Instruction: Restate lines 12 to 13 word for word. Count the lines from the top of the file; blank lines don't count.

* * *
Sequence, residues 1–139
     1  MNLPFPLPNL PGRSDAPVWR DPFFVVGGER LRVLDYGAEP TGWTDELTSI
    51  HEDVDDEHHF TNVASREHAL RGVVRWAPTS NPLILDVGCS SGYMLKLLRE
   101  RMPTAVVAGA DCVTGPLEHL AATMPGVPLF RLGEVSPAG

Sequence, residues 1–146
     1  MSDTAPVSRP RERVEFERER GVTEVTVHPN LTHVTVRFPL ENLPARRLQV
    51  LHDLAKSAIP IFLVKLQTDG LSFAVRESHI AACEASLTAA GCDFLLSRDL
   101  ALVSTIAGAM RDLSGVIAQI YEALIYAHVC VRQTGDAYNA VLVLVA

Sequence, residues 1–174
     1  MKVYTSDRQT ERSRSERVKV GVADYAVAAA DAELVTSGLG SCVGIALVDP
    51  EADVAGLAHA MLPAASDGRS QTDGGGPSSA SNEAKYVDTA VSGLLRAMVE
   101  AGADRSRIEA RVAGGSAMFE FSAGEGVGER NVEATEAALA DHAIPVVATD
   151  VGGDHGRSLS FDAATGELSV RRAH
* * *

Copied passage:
   101  AGADRSRIEA RVAGGSAMFE FSAGEGVGER NVEATEAALA DHAIPVVATD
   151  VGGDHGRSLS FDAATGELSV RRAH